Further, our curriculum and teaching methodologies cry out for modernization, moving away from archaic practices to embrace innovative, inclusive strategies. The system is also beleaguered by an uneven teacher recruitment process, often mired in favoritism, and an inadequate training and professional development framework that fails to equip educators for contemporary challenges. The digital divide and language barriers exacerbate educational inequities, while the quality assurance, research, and supervision processes still need to improve, demanding more rigorous and dynamic approaches.

Moreover, the system’s neglect of comprehensive career guidance, wellness interventions, and the pervasive issue of brain drain among educators further compromise the quality of education. Addressing the needs of students with special requirements and respecting indigenous education are also areas where significant improvements are overdue. These and many more are not just issues to be acknowledged but battles to be actively engaged with a sense of urgency, requiring a strategic, concerted effort from all stakeholders in the educational sector.

Looking globally, Singapore and Finland offer insights into successful educational models. Finland, particularly emphasizing equality, teacher autonomy, and student well-being, provides valuable lessons. The Philippines, an archipelago with diverse educational needs, can learn from Finland’s approach to providing high-quality education regardless of geographic and socio-economic barriers.

Nonetheless, the responsibility for educational transformation does not rely solely on the government. It calls for a collaborative effort involving educators, parents, policymakers, and the private sector. Public-private partnerships (PPP) initiatives can be crucial in bridging gaps, particularly in technology integration, resource allocation, and industry immersion. Private schools should unite to demand for more encouragement and assistance to flourish instead of facing undue restrictions, unwarranted impositions, or illegitimate encroachments on their pedagogical autonomy. The parents, the experts, and the community that the schools serve must also step up and give their valuable support to the learning process as legitimate shareholders of the educational system.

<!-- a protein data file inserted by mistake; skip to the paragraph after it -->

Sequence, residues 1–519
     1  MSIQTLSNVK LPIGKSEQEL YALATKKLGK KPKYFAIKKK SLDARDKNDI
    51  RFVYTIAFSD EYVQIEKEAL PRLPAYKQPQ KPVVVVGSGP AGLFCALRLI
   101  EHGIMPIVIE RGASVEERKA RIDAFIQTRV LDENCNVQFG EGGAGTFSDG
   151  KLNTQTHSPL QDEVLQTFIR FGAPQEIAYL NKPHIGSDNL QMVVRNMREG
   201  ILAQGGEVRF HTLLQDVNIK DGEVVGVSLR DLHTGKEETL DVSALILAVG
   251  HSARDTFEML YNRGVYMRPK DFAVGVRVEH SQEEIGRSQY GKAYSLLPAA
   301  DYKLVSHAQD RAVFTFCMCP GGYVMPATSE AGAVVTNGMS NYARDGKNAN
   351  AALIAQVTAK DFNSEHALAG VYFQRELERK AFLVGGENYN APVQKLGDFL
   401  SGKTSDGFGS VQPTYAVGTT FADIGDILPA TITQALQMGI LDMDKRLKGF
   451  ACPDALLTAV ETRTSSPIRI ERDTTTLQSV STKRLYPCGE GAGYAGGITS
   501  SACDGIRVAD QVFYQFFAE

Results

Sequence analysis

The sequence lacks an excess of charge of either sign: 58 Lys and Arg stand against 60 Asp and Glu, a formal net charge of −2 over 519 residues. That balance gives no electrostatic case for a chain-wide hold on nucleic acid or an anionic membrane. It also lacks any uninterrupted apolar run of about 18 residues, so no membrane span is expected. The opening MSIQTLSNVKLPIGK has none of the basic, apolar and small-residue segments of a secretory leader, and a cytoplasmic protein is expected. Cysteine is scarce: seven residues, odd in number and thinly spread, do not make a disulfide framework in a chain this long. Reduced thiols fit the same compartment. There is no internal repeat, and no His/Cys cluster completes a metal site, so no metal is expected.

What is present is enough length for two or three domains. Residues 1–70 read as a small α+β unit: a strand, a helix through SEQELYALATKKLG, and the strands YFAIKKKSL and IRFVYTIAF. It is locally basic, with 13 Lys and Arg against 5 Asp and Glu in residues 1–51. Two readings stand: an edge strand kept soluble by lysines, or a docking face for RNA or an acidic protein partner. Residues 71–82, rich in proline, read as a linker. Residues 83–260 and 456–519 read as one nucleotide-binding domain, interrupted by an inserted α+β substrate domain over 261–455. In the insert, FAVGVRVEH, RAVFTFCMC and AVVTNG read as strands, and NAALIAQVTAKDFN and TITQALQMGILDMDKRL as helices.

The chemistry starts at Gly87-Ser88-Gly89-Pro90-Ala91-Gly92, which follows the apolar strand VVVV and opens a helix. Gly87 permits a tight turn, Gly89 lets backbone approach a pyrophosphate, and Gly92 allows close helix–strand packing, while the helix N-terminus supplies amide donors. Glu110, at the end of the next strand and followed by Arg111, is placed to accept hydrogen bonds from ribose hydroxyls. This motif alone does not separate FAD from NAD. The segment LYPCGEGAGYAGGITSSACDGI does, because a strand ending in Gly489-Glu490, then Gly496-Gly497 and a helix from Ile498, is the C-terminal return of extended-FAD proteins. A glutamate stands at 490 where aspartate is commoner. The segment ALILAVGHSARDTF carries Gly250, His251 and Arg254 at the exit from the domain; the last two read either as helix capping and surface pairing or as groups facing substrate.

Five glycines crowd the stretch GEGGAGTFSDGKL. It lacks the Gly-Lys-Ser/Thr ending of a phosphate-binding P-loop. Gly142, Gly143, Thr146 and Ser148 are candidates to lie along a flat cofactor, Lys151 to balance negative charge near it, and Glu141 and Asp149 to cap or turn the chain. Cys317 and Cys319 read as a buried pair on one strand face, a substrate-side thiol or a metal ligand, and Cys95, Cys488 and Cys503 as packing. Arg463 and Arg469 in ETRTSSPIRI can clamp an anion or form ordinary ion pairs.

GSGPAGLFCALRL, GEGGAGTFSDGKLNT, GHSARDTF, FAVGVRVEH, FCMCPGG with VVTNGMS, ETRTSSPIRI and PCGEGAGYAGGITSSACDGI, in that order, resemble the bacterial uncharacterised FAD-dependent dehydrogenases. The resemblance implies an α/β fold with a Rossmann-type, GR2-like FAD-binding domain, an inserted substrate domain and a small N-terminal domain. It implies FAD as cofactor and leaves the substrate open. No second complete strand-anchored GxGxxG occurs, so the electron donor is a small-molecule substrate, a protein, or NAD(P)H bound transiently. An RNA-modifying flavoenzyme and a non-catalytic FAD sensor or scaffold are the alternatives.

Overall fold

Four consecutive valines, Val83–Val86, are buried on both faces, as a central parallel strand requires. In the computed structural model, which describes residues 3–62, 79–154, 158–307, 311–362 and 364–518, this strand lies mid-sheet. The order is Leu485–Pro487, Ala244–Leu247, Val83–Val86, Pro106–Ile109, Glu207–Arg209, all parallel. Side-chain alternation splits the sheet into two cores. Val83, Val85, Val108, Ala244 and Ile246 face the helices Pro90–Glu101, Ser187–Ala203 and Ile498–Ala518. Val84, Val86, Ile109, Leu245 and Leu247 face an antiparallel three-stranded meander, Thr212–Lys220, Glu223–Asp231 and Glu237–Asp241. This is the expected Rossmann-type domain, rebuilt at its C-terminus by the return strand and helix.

At this critical point, we must remember that education is not just about academic performance but about preparing young minds to navigate a complex, rapidly changing world. Our education system must instill critical thinking, creativity, adaptability, cultural sensitivity, discernment, and grit–valuable skills, regimen, and mindset essential for the 21st century.

Indeed, PISA 2022 results are a sobering reminder of the long road ahead for Philippine education. This consistent underperformance is not just a challenge but an opportunity to rethink, reform, reinvent, and rejuvenate our education system. It is a call to action for all stakeholders to come together with great urgency, face the crisis head-on, and consistently lift the country from the depths of learning inferiority to the heights of excellence.